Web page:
Do You Have What It Takes To Be An Entrepreneur? These Values and Behaviors Are Your Guide

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Entrepreneurship is getting a lot of love these days and for a good reason. The speed of change is occurring at such a pace that old ways are quickly becoming obsolete, creating new opportunities in every sector for those with ambition, skills, and the necessary personal characteristics for entrepreneurial success.

Many people dream of starting their own businesses, but take it from me; it’s not easy. It took me eighteen years to prepare so that I could be successful. Individuals who can start large companies (over $50 million per year in sales) are rare, but if you have the drive, you are halfway there. The other half is preparing yourself to succeed.

We all know that entrepreneurs need to understand the customer, possess basic business skills and communicate their vision. However, little is said about the basic characteristics that highly correlate with successful entrepreneurs. Much of the popular literature on the subject focuses on teamwork, passion, creativity, and other soft skills. Still, a lot of hard behavioral evidence shows that the most successful entrepreneurs have a predictable pattern of behaviors and values that has little correlation to “teamwork” and “passion.”

There are many behavioral models for successful entrepreneurs. Based on my experience, I have learned that the most important features of a successful entrepreneur are three specific behavioral traits and three motivating values.

Related: 5 Qualities Of Successful Entrepreneurs

The behavioral traits needed are that you should be assertive (you are both dominant and persuasive and are driven to solve problems and overcome obstacles), fast-paced (you like a lot of action and change), and persistent (you are resilient, won’t quit, and love the grind).

The three motivating values are that you should be utilitarian (you value efficiency and return on investment, don’t like to waste anything, and are motivated by economics), individualistic (you see yourself as a person who makes things happen, are constantly improving, like to compete and win and are motivated by recognition), and theoretical (you are motivated by knowledge and love to learn new things).

Although these traits can correlate to entrepreneurial success, many intangible qualities of the human spirit are not measurable and can make a huge difference. Ultimately, all entrepreneurs have to work hard, initiate, take risks, and be very good at what they do. They will be rewarded directly for the value they bring to their customers — just ask Bill Gates and Mark Zuckerberg.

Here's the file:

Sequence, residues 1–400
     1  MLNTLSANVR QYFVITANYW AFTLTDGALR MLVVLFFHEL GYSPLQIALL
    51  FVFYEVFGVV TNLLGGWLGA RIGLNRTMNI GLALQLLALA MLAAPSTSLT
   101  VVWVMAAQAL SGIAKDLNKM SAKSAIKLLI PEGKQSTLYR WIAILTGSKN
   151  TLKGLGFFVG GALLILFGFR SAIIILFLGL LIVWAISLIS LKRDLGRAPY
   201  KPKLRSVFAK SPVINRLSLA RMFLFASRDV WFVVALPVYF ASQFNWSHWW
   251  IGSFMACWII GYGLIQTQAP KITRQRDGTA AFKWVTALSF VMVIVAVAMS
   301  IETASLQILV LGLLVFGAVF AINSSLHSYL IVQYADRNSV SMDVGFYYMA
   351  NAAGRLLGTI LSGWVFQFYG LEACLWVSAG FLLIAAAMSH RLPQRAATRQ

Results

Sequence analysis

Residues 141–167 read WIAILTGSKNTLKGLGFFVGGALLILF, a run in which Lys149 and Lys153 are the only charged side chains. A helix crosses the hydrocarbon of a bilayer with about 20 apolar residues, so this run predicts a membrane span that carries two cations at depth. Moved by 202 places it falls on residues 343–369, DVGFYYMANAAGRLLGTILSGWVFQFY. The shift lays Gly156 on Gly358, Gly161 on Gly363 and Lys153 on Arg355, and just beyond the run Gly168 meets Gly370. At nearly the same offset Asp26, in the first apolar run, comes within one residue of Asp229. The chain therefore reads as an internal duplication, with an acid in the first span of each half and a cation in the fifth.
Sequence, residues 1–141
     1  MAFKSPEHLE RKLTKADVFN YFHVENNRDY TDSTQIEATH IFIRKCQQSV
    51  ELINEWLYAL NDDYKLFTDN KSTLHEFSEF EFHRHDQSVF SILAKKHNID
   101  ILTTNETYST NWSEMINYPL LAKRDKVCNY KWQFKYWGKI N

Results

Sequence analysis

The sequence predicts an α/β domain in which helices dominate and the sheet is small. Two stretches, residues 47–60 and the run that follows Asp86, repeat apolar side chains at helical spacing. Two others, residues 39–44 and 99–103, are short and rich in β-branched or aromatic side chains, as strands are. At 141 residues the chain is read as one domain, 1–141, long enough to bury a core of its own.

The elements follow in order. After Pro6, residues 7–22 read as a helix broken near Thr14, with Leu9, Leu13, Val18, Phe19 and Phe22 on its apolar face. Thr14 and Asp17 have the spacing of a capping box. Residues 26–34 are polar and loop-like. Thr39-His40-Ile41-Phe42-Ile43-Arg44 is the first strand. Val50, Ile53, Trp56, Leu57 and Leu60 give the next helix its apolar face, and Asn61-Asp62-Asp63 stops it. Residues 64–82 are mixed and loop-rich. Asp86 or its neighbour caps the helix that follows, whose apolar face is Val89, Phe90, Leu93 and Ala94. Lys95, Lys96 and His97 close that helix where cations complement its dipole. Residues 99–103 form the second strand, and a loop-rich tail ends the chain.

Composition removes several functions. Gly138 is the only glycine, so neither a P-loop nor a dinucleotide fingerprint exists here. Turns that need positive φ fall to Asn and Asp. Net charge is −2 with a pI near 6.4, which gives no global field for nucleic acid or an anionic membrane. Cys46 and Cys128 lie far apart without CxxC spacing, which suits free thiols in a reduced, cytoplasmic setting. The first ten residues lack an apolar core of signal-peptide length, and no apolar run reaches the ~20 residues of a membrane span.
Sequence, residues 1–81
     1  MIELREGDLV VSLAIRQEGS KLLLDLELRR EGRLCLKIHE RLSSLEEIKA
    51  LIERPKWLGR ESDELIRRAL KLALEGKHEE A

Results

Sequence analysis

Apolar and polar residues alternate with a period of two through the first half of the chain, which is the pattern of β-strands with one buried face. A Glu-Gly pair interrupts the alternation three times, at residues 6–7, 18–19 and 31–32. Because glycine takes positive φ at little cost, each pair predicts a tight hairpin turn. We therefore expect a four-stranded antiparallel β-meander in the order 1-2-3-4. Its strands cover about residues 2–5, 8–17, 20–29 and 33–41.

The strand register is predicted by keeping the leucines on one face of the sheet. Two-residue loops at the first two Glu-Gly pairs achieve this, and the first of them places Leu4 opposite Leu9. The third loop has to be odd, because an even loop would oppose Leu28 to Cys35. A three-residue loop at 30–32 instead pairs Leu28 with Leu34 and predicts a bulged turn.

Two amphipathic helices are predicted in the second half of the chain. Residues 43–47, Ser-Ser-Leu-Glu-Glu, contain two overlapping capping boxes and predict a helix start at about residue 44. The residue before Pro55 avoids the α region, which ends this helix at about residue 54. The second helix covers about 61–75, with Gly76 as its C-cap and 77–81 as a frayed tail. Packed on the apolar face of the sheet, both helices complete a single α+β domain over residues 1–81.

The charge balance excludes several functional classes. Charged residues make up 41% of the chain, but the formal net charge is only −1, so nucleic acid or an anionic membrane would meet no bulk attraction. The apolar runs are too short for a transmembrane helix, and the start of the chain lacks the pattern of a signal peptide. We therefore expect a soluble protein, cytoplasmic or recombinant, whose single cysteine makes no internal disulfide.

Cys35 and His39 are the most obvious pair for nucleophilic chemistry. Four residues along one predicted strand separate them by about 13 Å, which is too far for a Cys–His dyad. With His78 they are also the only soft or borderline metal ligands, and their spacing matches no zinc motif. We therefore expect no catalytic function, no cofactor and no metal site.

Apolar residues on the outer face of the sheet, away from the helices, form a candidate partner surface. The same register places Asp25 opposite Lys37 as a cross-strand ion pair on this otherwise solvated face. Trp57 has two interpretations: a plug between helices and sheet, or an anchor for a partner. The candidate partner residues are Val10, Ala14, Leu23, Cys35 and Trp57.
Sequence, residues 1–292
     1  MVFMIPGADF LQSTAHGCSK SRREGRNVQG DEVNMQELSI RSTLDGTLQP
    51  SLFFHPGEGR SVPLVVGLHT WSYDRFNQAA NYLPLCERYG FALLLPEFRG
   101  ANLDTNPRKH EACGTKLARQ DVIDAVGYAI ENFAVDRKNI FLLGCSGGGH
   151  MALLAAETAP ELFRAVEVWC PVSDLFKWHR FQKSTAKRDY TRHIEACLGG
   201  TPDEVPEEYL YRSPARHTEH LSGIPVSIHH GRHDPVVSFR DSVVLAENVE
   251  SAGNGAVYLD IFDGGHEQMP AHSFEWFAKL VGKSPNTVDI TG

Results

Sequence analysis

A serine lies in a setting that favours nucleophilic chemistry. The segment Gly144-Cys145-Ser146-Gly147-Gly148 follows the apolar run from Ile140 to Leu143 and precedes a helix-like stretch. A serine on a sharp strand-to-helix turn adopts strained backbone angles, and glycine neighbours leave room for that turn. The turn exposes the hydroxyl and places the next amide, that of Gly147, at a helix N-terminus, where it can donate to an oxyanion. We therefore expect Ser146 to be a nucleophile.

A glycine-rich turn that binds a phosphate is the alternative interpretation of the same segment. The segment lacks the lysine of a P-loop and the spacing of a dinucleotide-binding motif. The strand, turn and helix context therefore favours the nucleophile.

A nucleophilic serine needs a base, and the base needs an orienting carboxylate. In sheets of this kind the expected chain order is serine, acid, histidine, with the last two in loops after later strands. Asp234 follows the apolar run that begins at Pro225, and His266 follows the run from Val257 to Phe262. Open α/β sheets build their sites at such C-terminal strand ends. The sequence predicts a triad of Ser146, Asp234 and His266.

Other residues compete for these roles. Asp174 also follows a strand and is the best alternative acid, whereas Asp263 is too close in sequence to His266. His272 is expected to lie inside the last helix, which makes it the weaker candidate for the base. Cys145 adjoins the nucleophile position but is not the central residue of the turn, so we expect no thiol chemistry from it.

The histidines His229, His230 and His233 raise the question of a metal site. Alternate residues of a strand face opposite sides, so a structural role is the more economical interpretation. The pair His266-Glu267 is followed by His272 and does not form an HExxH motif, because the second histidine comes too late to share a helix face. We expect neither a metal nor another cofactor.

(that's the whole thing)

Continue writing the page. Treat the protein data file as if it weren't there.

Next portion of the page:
Entrepreneurship also requires some business skills (like accounting and people management) that take most of us a while to learn. At its core, an entrepreneur is an independent businessperson who must plan, organize, motivate and control.

Entrepreneurs also have to initiate new things and have the drive to overcome all the obstacles in the way — and there are always many obstacles! Then, you have to take personal and financial risks — calculated risks — that will make most people uncomfortable.

Before you invest your time in becoming an entrepreneur, I’d also like to explain some realities about entrepreneurship that I have learned and debunk some common myths.

  • You may hear that it is “all about great ideas,” but it is really about solving a market problem.
  • You may hear it is “all about the team” but mostly about the leader.
  • You may hear that it is “all about passion,” but it is really about adding value for customers.
  • You may hear it is “all about strategy,” but it is really about execution.
  • You may hear it is “all about growth,” but it is really about constant improvement.

Related: 15 Weird and Wonderful Side Hustles You Never Knew Existed

But, there are many advantages to being an entrepreneur. You can be your own boss, make the decisions and set the agenda. You can customize the business around your skills and dreams. You can create jobs and careers for others and improve your community and the world!

On the other hand, there are several disadvantages to being an entrepreneur. You have few days off. It takes a lot of work: at least 60 hours per week, and you can’t quit. It’s risky — you might go broke. It’s not easy. There are a lot of struggles along the way, and it takes a long time to realize the dream.

If entrepreneurship still sounds appealing to you, I advise jumping in and getting to work. History has shown that great companies are created by hard work, clear values, and constant improvement, not by one great new idea.

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